Monday, July 5, 2004

Desktop Olympics

During the 2004 Athens Olympic Games, August 13 to 29, 2004, spectators the world over will have a wider range of viewing options than ever before. For the first time the Olympics will be beamed to computers and cell phones during the games.

During the Sydney and Salt Lake City Olympics, the International Olympic Committee conducted web trials involving about 100,000 homes. As a result of the success of this trial, the IOC is now permitting more than a dozen broadcasters, mostly in the US and Europe, to show online video of the Athens Games.

But while many Europeans will be able to see live Olympic coverage on the Internet, Americans will have to settle for tape and post-broadcast delays.

Web-broadcast footage is restricted by the same lucrative broadcast contracts – which are sold by territory – that limit television media. To protect the $793 million NBC paid to secure their coverage rights, employs technology to block viewers from outside the US Likewise, US web surfers won’t be able to access BBC's live coverage. site will check computer Internet addresses to make sure they are going through US Internet service providers. The site will also measure how long it takes data to travel back and forth from their servers to the visiting computer, further weeding out visitors from afar.

US viewers must also verify their identity using a Visa credit card, though at no charge. Not a Visa cardholder? Sorry.

NBC will offer clips of key events in every sport and a daily highlights package at Broadband Olympic footage will appear online only after it is broadcast on television – NBC plans 1,210 hours of coverage on seven networks: NBC, CNBC, MSNBC, Bravo, USA, Telemundo, and a high-definition channel.

Brief highlights from NBC will also be available to US customers of AT&T Wireless' mMode information service.

Some European broadcasters are limiting online video to broadband, as well. In the United Kingdom, the BBC Web site will simulcast five broadband television feeds and carry as many as 30 highlights at a time.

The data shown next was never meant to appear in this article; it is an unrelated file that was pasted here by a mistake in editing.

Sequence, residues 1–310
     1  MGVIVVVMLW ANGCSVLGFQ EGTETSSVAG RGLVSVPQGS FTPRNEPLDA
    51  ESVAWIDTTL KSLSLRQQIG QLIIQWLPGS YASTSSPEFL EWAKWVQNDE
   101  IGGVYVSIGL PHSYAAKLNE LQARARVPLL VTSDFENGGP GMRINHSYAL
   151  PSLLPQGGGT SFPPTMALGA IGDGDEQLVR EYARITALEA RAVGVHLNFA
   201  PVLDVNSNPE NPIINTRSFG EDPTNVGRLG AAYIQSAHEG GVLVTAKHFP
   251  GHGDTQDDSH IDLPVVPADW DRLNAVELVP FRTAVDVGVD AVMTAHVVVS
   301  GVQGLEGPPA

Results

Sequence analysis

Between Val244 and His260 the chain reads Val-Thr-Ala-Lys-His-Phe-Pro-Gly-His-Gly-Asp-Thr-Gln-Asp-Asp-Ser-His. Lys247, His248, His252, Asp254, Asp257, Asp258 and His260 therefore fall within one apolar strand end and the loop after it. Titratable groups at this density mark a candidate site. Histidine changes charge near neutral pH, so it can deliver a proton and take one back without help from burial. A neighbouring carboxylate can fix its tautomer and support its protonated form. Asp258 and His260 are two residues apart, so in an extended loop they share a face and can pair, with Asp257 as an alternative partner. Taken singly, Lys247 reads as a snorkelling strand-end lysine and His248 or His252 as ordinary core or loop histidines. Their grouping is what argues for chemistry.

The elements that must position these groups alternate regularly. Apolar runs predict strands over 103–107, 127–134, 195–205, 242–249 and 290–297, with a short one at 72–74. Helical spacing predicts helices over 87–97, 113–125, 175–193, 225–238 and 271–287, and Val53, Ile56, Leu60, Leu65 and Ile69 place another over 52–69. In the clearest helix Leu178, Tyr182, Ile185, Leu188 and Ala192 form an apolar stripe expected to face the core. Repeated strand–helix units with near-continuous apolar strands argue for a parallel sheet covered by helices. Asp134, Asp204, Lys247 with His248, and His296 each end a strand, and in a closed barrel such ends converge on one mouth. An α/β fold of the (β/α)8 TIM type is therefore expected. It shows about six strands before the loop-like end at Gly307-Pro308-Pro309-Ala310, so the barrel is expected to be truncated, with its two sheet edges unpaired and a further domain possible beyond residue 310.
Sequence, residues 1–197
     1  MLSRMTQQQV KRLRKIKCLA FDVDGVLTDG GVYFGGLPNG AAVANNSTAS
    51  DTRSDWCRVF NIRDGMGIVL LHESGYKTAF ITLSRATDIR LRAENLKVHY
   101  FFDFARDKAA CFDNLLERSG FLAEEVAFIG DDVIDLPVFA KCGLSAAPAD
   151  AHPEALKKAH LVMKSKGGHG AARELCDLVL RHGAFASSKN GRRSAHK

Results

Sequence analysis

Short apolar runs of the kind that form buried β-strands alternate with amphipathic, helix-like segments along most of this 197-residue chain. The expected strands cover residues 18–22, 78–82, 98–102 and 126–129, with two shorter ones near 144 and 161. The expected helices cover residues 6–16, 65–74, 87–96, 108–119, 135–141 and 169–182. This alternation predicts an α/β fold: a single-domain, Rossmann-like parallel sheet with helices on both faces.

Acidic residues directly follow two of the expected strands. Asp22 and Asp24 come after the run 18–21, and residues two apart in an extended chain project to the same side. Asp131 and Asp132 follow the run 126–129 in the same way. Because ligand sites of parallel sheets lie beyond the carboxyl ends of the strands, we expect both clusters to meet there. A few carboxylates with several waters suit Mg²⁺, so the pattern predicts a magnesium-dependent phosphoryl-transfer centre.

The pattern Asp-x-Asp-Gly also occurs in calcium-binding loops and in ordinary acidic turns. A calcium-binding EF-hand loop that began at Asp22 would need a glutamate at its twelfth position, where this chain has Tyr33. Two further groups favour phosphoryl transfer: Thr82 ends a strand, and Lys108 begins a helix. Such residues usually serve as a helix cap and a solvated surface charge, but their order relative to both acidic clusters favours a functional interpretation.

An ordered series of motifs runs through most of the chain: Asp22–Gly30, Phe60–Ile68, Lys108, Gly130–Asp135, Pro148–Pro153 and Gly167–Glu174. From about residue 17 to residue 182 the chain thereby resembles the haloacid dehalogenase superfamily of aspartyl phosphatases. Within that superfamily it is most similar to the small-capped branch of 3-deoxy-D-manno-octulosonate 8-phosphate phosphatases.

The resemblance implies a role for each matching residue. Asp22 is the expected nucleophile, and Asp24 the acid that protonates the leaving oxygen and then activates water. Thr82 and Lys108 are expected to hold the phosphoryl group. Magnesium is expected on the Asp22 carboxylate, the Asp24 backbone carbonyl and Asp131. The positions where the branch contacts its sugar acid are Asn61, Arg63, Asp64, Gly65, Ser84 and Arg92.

News websites not affiliated with official broadcasters can’t carry competition video at all; unaffiliated TV stations can show only three highlight segments a day, 2 minutes apiece. anticipates 20 million unique visitors in August, a record for any NBC website. The BBC Sport website, which already averages 1 million unique users per day, also expects record traffic during the Games.

The official ATHENS 2004 Olympic and Paralympic Games website – the most comprehensive site, worldwide, for a single sporting event – will feature extensive video and news coverage as well. is hosted on 16,000 servers worldwide to meet the anticipated demand of 5 million visits a day.

Despite video delays for US customers, this move by the IOC and affiliate networks remains a tremendous step forward. NBC will offer, online and off, more than four-times as much coverage for these Olympic games than they offered for the previous four games. The IOC, as well, is now including Internet broadcast rights in their contracts for the upcoming 2008 and 2012 summer games. fb

1 comment:

Anonymous said...

Thanks for the share, I have been readin online all day and this was actully worth reading. Thanks

- Justice SPARROW